Jemele Hill, senior correspondent and columnist for ESPN’s The Undefeated, has been selected as the 2018 Journalist of the Year by the National Association of Black Journalists.
In a press release announcing her selection, NABJ said that Hill is known for “her provocative commentary on what’s happening in sports and in the news.”
“She uses her platform to address national, social and cultural issues, in addition to sports. Hill nearly broke the internet last year when she criticized President Donald Trump. She also, taking up the NABJ spirit of advocacy, addressed athletes’ rights to take a knee to protest police brutality. She did all this while co-anchoring a groundbreaking rebrand of ESPN’s marquee show SportsCenter, or SC6, along with fellow NABJ member Michael Smith,” the organization continued.
In response to the announcement, Hill said: “It would be a serious understatement to call this recognition from NABJ special. This organization has been a second family for me, both personally and professionally. I am humbled to be honored by an organization whose values not only match my own journalistically but has tirelessly dedicated itself to developing and nurturing journalists like me.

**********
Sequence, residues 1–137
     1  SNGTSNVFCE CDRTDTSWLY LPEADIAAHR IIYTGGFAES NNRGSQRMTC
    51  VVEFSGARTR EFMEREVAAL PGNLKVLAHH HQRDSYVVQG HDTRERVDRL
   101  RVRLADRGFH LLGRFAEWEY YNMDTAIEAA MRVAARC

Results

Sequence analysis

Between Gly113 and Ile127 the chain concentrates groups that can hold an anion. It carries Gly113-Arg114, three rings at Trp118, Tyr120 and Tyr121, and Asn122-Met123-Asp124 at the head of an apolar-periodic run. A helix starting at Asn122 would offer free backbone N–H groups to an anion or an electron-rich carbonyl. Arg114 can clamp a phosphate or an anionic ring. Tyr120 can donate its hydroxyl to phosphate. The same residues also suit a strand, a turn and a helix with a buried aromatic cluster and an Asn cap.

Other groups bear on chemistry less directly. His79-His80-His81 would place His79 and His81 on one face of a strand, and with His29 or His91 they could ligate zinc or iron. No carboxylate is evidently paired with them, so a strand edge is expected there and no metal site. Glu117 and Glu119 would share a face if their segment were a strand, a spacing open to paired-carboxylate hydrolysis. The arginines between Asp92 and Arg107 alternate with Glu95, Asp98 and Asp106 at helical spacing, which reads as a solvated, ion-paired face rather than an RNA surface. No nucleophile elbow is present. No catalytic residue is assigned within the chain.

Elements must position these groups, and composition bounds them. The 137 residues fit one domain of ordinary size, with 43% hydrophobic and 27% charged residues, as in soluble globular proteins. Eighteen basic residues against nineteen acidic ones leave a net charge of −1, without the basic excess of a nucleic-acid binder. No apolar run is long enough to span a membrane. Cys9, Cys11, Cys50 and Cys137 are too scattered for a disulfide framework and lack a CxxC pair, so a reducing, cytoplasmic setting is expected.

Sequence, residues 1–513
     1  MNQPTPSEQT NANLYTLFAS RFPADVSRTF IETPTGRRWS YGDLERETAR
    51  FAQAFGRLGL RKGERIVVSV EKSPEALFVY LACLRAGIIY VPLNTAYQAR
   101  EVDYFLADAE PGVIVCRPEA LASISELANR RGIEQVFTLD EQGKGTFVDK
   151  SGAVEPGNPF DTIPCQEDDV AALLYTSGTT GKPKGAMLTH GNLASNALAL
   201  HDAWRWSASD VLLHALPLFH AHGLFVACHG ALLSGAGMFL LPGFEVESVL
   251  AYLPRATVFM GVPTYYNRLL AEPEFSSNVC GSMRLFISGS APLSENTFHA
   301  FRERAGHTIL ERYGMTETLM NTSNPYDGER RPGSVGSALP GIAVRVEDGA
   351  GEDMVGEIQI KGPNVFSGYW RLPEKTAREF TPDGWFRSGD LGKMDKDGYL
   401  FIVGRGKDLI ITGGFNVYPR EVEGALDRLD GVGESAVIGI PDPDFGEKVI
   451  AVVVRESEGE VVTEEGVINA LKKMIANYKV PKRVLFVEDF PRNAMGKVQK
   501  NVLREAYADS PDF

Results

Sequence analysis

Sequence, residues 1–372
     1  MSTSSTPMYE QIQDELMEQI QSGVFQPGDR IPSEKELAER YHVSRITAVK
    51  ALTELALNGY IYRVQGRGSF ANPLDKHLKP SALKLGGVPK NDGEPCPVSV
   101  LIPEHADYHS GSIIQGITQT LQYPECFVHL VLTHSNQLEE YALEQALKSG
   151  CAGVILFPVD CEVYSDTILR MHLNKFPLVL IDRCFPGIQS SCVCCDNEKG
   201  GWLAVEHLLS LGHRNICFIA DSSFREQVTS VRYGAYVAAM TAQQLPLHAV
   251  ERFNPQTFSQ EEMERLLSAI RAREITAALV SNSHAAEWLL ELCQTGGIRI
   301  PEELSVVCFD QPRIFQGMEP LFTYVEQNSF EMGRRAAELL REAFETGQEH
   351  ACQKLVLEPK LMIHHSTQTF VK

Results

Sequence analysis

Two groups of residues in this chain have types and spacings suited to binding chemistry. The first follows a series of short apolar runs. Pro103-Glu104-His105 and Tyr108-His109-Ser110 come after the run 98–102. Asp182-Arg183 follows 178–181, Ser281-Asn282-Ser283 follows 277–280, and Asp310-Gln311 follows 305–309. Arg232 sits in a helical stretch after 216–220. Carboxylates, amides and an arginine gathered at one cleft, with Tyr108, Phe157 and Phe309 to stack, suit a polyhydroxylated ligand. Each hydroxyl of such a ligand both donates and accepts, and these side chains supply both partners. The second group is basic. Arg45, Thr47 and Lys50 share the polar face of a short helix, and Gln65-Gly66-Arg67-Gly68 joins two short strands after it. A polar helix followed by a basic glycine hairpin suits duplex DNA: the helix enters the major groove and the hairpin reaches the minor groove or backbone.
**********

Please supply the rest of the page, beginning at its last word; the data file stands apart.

“This is the biggest accomplishment of my career,” she added.
In October, Hill was suspended by ESPN for two weeks after what it determined was a “second violation” of its social media guidelines.
Hill first tweeted in September that Donald Trump was “the most ignorant, offensive president of my lifetime. His rise is the direct result of White supremacy. Period.”
In October, after Dallas Cowboys team owner Jerry Jones said that he would bench any player who kneeled during the national anthem, Hill tweeted that the best way to reject what he said was to go after his advertisers.
“Jemele Hill has been suspended for two weeks for a second violation of our social media guidelines,” the network said in a statement. “She previously acknowledged letting her colleagues and company down with an impulsive tweet.
“In the aftermath, all employees were reminded of how individual tweets may reflect negatively on ESPN and that such actions would have consequences,” the statement continued. “Hence this decision.”
Hill was supported by fans and fellow journalists alike with the hashtag #IStandWithJemele.
With regard to the suspension, HIll has publicly said that she regrets nothing.
Hill is the epitome of standing up for what you believe in, and this latest honor is well-deserved.
She will be honored at the annual NABJ convention on Aug. 4 in her hometown of Detroit.